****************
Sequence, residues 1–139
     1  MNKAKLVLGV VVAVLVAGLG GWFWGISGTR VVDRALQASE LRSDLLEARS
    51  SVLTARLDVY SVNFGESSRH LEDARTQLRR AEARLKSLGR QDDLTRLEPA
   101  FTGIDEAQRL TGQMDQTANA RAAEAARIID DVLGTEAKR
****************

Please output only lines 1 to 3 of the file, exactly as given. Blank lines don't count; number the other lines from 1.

Sequence, residues 1–139
     1  MNKAKLVLGV VVAVLVAGLG GWFWGISGTR VVDRALQASE LRSDLLEARS
    51  SVLTARLDVY SVNFGESSRH LEDARTQLRR AEARLKSLGR QDDLTRLEPA